Source: Journal of Geophysical Research: Biogeosciences
Deep water neighborhoods around hydrothermal hotspots are a part of productivity, especially compared to the majority of the seabed. The heat, minerals, dissolved gases, and pressures found in these hot spots provide rich environments in which microbial communities can thrive.
Under these harsh conditions with swirling chemicals, organic compounds can form from inorganic materials, releasing energy along the way, which is the opposite of the more familiar conditions on the Earth’s surface, in which energy is consumed to form organic materials. Bacteria gain energy by reducing carbon dioxide with hydrogen to produce methane and water, a process called autotrophic methanogenesis.
In a new study by cock and shock, the researchers investigated where else energy might be released in ultramafic and hydrothermal ecosystems and what this might mean for life in these complex biogeochemical environments. They examined hydrothermal vents in the Mid-Atlantic Ridge (the vent field called Rainbow which is hosted in ultramafic rocks) and a vent on the Juan de Fuca border in the Pacific (a vent field hosted in basalt called Endeavor). Researchers examined nearly 1,800 proteins for Methanocaldococcus jannaschii, a member of the Archaea found in hydrothermal vents, and analyzed autotrophic methanogenesis reactions and global amino acid synthesis reactions in both stack locations.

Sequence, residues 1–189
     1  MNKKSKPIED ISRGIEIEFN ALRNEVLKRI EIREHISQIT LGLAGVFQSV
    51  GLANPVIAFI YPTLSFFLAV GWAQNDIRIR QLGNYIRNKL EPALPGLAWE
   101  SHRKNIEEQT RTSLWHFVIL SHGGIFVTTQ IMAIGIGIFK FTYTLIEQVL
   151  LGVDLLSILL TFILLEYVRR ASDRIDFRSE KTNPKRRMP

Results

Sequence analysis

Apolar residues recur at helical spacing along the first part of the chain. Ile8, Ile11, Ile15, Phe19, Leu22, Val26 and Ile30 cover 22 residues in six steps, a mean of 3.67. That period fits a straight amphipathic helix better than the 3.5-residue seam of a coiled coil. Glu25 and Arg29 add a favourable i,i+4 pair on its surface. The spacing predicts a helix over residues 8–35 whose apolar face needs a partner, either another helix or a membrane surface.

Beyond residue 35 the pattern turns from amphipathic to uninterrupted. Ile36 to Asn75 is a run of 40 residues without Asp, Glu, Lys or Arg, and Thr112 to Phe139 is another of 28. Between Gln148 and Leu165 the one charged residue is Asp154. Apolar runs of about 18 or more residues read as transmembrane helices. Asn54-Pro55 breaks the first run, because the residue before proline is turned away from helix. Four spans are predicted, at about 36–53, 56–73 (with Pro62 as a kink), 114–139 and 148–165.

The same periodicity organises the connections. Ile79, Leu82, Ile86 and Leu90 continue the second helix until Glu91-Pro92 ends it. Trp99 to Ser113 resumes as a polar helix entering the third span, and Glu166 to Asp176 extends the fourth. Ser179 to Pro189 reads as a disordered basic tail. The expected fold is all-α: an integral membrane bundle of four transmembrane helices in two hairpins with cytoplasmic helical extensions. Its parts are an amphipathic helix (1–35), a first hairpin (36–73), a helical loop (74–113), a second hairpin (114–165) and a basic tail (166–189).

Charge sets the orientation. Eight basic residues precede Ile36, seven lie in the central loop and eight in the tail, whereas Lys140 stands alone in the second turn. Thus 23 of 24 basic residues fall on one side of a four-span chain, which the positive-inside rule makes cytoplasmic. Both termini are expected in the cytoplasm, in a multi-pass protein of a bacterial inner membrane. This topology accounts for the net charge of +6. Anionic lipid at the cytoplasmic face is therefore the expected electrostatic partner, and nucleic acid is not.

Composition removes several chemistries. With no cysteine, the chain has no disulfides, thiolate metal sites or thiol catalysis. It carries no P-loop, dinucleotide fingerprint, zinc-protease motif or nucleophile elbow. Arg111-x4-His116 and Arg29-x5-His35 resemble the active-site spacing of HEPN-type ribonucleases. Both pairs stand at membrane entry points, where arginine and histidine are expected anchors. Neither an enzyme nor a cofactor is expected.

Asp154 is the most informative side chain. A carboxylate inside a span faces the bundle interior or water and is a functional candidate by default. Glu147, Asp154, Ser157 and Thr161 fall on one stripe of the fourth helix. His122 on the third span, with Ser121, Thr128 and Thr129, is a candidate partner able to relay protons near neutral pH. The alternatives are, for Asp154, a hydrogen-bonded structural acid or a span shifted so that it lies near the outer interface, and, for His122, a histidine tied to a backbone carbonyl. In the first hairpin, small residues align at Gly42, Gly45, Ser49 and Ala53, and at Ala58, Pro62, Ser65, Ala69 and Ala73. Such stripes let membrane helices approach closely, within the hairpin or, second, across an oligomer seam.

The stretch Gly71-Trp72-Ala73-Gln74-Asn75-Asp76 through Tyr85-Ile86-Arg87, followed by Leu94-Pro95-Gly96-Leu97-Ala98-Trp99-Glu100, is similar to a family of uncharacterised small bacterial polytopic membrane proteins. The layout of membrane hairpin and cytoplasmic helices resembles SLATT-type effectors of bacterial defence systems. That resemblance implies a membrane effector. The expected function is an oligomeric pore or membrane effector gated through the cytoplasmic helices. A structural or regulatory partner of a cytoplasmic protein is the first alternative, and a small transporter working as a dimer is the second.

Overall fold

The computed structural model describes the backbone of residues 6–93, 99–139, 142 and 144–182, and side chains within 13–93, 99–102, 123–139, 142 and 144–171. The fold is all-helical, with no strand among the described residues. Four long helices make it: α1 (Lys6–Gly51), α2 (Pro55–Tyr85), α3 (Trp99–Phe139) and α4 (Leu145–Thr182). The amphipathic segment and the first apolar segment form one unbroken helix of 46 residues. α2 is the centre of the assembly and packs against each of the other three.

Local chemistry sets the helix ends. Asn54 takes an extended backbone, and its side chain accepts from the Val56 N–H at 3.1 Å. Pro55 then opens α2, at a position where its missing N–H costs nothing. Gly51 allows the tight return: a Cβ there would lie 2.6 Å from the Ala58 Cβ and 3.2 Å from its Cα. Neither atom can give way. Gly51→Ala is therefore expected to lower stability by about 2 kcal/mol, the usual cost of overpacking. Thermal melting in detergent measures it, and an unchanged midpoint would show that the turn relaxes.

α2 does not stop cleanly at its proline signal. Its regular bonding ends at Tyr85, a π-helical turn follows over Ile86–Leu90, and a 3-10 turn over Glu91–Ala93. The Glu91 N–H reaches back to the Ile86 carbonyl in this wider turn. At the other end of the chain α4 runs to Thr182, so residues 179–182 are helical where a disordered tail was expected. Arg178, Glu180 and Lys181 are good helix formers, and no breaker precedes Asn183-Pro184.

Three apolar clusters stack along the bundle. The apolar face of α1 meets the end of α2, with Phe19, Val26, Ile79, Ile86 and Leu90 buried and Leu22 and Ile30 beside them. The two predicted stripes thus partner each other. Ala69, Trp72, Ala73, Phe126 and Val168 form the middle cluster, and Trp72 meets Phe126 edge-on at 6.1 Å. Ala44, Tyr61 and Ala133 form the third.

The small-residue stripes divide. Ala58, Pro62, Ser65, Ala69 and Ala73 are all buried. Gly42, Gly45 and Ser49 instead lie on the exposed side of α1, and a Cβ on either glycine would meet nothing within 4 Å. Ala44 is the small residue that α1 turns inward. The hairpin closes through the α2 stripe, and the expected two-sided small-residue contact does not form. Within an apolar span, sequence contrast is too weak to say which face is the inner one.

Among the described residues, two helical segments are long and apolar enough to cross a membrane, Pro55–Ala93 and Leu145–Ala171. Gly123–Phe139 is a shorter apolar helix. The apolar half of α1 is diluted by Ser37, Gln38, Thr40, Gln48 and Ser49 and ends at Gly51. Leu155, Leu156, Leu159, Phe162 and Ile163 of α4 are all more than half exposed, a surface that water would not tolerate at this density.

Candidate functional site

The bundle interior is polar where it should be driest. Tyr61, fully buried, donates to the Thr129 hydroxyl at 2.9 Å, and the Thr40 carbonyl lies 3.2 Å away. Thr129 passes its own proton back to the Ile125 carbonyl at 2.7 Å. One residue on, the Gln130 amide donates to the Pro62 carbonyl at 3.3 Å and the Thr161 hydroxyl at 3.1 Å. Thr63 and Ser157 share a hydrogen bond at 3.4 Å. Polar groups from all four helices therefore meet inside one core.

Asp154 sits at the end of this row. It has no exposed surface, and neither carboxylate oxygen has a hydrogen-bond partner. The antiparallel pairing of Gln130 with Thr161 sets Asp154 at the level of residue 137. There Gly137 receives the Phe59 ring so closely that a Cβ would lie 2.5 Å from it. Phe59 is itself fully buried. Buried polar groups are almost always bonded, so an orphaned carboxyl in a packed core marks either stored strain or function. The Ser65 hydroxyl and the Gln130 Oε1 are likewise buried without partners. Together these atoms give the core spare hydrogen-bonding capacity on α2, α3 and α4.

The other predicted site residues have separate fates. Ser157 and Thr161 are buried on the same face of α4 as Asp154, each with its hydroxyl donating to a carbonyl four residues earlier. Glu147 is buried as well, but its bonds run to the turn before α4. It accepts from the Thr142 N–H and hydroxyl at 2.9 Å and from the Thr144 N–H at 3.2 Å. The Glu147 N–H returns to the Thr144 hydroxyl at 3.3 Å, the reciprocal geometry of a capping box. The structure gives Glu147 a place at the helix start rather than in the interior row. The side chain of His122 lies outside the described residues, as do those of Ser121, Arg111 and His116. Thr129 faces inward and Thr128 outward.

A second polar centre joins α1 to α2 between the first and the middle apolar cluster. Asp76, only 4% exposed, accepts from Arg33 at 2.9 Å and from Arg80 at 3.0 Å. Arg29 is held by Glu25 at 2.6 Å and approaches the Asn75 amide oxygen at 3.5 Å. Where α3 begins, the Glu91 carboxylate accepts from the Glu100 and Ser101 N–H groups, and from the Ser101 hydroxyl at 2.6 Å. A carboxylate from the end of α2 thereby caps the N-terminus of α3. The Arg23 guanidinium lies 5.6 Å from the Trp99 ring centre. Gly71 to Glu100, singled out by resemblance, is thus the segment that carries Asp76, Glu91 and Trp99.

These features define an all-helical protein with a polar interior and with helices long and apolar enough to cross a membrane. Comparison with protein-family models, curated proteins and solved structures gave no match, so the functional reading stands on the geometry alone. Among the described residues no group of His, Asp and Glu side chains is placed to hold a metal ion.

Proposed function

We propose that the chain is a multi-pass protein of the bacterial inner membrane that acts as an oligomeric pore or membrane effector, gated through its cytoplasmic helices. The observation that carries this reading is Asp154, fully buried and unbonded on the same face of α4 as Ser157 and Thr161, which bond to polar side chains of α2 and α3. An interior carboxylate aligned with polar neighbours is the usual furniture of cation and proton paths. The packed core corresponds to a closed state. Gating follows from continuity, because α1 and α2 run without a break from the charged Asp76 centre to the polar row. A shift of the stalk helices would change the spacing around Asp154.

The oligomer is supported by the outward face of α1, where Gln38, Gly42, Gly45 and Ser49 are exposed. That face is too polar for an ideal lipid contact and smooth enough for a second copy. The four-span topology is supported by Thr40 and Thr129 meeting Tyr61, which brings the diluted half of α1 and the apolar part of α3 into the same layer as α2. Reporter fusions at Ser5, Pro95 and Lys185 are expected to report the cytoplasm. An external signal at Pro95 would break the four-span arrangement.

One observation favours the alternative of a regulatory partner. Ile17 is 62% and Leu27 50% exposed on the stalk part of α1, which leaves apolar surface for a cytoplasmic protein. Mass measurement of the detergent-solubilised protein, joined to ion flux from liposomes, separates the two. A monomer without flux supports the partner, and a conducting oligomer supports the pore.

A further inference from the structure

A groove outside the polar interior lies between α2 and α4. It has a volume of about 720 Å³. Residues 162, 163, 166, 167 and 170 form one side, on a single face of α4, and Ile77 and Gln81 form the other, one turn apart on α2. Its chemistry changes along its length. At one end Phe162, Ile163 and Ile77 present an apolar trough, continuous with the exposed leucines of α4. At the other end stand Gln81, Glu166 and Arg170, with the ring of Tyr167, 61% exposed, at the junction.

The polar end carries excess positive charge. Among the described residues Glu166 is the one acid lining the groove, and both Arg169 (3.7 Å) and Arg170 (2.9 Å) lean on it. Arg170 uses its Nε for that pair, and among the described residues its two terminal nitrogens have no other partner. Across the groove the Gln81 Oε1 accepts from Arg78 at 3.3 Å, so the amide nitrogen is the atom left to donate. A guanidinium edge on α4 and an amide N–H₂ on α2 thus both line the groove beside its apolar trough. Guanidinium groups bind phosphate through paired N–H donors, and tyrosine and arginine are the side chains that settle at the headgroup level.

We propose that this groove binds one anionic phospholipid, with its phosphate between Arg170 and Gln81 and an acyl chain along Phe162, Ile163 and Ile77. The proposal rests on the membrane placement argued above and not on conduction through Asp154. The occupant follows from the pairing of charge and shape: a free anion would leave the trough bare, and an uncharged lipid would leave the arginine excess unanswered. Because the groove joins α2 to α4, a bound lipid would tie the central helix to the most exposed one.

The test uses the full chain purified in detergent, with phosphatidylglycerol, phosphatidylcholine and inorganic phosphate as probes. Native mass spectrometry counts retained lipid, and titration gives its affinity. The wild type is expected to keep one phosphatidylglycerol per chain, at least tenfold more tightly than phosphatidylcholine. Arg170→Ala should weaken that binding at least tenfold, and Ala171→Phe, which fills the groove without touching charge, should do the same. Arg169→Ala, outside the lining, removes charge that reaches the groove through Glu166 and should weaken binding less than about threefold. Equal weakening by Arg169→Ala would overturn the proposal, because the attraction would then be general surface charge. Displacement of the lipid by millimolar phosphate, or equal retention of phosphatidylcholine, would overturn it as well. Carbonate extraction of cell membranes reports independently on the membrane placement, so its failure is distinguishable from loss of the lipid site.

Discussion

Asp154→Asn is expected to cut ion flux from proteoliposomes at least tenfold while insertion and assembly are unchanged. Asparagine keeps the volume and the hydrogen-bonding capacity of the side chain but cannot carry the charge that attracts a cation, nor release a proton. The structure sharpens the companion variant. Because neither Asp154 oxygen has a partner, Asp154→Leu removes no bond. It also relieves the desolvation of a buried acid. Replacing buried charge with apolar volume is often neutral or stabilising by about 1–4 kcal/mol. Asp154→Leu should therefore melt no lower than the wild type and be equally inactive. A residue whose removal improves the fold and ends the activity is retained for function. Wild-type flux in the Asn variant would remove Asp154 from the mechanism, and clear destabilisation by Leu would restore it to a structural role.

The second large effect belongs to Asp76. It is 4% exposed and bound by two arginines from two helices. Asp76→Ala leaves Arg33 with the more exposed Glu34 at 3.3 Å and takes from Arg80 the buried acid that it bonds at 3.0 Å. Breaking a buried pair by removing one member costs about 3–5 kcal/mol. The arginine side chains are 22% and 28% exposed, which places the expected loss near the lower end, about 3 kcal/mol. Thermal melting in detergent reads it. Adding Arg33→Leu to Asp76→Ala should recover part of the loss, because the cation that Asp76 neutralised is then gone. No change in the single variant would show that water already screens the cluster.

They found that methanogenesis was due to the large imbalance of chemicals resulting from the mixing of hydrothermal fluids and seawater. The team found that in ultramafic systems, energy is released during protein synthesis on a wide temperature range. However, the same was not found for vents hosted in basalt, where the temperature ranges were smaller for methanogenesis and protein synthesis does not release energy.
Based on these results, the researchers note that some hydrothermal systems are hot spots for microbial overgrowth. They note that in very small systems, the way proteins are synthesized and energy released can tell researchers a lot about how biogeochemical cycles may have led to the emergence of deep-sea life. (Journal of Geophysical Research: Biogeosciences, https://doi.org/10.1029/2021JG006436, 2021)
—Sarah Derouin, science writer